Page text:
What George Miller was thinking with these constant push-ins on Immortan Joe (so many terrible names in this film) we can’t know, but, an interesting enough detail, no?

Ok, so the last thing I want to talk about with 101 Dalmatians is the themes and how they combine with the philosophy of aesthetics to build into a narrative with a nice bit of subtext. This film is essentially about being content with what you have. We see this through the comical address of Rob and Anita as Pongo and Perdita’s pets. They are seen by our protagonist to be the ones being used or possessed. This is a nice detail reinforced by the classical use of V.O and perspective in this film; the use of Pongo as the narrator with a crisp British accent. What this idea of pets in Rob and Anita suggests is that the ‘ownership’ of friends says a lot about you as a person. In other words, beauty not too skin deep is important; the beauty of action, of facade, is pivotal to how we live our lives. So, with Rob and Anita seeing their dogs as almost family, we are seeing a use of them completely opposite to…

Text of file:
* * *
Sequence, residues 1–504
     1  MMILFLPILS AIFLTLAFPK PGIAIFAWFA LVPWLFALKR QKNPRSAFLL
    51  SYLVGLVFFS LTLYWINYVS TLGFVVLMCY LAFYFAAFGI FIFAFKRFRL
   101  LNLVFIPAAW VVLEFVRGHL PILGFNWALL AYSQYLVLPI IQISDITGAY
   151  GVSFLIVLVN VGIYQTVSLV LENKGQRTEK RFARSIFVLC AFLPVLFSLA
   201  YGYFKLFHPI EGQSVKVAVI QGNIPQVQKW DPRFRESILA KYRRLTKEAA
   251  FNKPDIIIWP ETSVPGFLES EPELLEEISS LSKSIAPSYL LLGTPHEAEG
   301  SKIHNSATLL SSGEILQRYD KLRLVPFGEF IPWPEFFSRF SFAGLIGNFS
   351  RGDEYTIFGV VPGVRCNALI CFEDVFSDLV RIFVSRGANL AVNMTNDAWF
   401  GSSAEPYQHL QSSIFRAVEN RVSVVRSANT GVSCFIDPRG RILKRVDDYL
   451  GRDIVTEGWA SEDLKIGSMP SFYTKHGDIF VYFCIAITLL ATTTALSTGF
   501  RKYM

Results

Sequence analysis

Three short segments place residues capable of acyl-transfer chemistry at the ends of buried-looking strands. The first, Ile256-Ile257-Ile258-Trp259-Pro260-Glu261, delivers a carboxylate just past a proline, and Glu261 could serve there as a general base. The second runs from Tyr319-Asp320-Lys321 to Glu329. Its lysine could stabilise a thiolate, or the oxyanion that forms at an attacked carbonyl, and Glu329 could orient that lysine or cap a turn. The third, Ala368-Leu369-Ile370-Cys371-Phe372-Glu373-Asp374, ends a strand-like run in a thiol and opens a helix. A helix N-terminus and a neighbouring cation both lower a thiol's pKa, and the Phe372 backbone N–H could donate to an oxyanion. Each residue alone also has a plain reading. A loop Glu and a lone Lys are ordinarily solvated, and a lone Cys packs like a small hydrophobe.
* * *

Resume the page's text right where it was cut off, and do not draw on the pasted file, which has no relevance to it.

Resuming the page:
Cruella literally wants to take the dogs and wear them as to make herself look… more attractive?? This vain and pointless use of dogs, man’s best friend, is demonstrated to have fatal implications through Cruella and her henchmen:

The commentary of the film is then all about a relationship between the external world and an internal one. Essentially, what we put out into the world is often a great judge of what we’ll get back. We thus see a nice adage to the concept of ‘bad guys never win’ in 101 Dalmatians with the symbolic justification being of fur: animals and how we treat them. Whilst there are no strong undertones of animals rights against fur trade in this picture, there is an appeal to simply being a good person in a familial sense. The lasting word of the film is then, if you simply try to take from this world, you’ll be left with nothing, if you put something back in…

… you’ll be left with an abundance of return. We then see a simple story and message told to us through great contemporary art in 101 Dalmatians, a classic picture to last few the ages with thanks to a great deal of astounding work.